One of the biggest complaints most early care and education professionals have is the lack of respect for what they do. They are responsible for our youngest and most vulnerable children, whose bodies and brains are developing at an astounding rate… more so than at any time in their lives, except for, perhaps, prenatally.
And yet, the important work of child care is passed off as insignificant– something anyone could do. Furthermore, it is often compensated at less than an oil change and child care workers aren’t expected to have as much in the way of training as the local oil change guy.
In spite of the continued dissemination of research indicating the critical importance of the first five years, there is still a huge information disconnect for the general public, parents, and legislators.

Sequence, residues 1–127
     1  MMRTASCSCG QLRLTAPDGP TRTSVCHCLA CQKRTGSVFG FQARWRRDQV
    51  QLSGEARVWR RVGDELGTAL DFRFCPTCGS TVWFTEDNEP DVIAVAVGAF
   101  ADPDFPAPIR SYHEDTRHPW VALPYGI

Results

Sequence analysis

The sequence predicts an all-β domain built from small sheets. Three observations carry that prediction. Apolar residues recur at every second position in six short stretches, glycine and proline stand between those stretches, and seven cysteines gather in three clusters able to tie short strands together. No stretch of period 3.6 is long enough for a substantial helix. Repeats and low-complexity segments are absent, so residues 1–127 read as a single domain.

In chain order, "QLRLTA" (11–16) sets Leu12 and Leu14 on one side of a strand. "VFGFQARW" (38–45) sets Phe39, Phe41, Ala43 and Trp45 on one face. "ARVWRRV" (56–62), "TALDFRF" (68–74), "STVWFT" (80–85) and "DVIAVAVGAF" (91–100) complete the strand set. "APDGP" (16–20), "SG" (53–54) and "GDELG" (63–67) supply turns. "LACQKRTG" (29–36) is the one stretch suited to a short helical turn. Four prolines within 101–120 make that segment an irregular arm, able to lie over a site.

Traditionally, caring for children was considered “women’s work,” requiring no training, except perhaps being a parent, but that wasn’t necessarily a prerequisite either. “Babysitting,” as it was called, was done in the home for a number of children, while the caregiver went about her daily routines....